COOPER, Iowa, September 2013 — As we launch the new Offenburger.com, another of our new features is offering a poem here on a regular basis. We hope most of these are written by you, our readers. Carla Offenburger, avid gardener and poet, begins the series with a delightful poem telling how her thinking changes about her tomatoes from harvest time to the depths of winter.
TOMATOES IN TWO PARTS
Part 1: Tomatoes in August
Red, bright, sweet, plentiful.
More and more.
Bucket after bucket.
Oh please, grasshoppers eat the tomatoes.
When is a frost expected?
Salsa – both fresh and canned.
Tomato soup and more tomato soup.
Bags of give-aways – gifts to the non-gardener.
Tomatoes, basil and fresh mozzarella cheese.
Tomatoes and crunchy peanut butter sandwiches.
Sliced, diced served with cottage cheese.
Tomatoes, tomatoes and more tomatoes.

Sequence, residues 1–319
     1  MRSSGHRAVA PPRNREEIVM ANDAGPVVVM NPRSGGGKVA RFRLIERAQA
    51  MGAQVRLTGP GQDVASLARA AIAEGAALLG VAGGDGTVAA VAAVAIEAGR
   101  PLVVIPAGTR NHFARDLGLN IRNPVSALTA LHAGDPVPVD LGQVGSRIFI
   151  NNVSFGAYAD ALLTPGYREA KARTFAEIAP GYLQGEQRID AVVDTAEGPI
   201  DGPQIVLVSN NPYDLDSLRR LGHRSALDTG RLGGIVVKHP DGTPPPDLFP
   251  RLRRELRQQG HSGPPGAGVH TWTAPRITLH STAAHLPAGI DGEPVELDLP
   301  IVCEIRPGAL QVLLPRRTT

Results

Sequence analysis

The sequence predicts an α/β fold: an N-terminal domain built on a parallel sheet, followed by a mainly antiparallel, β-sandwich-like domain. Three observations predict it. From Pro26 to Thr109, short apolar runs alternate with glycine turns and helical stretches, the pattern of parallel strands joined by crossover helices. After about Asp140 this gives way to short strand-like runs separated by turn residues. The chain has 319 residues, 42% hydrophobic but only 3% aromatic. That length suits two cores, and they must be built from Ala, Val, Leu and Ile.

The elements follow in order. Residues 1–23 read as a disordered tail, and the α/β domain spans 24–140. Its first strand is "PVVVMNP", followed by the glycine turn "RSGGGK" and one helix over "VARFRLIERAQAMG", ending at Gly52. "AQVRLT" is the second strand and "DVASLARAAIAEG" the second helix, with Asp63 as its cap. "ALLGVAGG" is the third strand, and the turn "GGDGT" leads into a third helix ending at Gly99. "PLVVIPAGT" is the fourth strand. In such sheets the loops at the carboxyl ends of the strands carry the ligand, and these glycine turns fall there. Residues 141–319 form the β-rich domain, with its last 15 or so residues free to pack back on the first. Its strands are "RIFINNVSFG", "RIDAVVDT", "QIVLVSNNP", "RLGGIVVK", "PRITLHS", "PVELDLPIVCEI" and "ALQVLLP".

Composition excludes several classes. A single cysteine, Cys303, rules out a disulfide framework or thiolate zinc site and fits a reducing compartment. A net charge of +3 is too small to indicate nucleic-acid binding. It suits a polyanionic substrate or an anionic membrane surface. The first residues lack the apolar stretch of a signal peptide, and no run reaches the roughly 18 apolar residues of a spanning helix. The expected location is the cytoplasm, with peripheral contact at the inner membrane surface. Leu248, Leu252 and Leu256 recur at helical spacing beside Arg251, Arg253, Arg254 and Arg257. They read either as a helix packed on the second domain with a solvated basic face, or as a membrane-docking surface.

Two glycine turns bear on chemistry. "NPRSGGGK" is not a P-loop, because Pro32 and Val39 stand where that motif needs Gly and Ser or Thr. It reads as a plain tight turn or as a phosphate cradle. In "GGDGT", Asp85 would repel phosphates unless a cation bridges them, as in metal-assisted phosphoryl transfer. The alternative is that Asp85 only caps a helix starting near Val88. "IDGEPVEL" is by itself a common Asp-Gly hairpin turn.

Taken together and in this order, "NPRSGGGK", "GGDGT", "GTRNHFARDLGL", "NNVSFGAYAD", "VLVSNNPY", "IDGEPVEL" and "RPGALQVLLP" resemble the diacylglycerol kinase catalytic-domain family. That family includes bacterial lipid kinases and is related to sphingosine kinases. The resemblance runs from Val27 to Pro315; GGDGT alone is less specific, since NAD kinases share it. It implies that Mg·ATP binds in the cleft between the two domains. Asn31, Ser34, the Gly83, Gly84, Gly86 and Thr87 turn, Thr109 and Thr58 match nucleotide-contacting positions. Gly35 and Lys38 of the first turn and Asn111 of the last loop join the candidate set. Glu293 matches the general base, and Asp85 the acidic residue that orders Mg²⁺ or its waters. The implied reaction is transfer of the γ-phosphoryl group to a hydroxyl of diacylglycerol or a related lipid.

You only think of yourself!
What about the green beans, carrots, corn, cucumbers and squash?
They all have to be eaten, canned and processed too.
Oh please stop growing, stop turning red.
Stop. Stop. Stop.
Part 2: Tomatoes in February
Oh how I long for your freshness
I miss you. I love you.
I cannot wait until spring
to caress you, plant you, encourage you to
grow and to ripen.
Carla Offenburger is an avid gardener at her country home outside Cooper in west central Iowa. She also is an occasional poet, having written verse since her high school years. You can write her at carla@Offenburger.com.